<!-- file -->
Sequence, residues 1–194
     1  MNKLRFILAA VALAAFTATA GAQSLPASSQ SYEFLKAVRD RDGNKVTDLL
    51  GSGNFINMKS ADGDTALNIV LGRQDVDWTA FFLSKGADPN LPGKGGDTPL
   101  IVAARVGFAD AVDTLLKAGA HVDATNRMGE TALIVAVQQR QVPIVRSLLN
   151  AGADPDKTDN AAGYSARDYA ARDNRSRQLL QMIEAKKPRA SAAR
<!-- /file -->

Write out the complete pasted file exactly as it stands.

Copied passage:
Sequence, residues 1–194
     1  MNKLRFILAA VALAAFTATA GAQSLPASSQ SYEFLKAVRD RDGNKVTDLL
    51  GSGNFINMKS ADGDTALNIV LGRQDVDWTA FFLSKGADPN LPGKGGDTPL
   101  IVAARVGFAD AVDTLLKAGA HVDATNRMGE TALIVAVQQR QVPIVRSLLN
   151  AGADPDKTDN AAGYSARDYA ARDNRSRQLL QMIEAKKPRA SAAR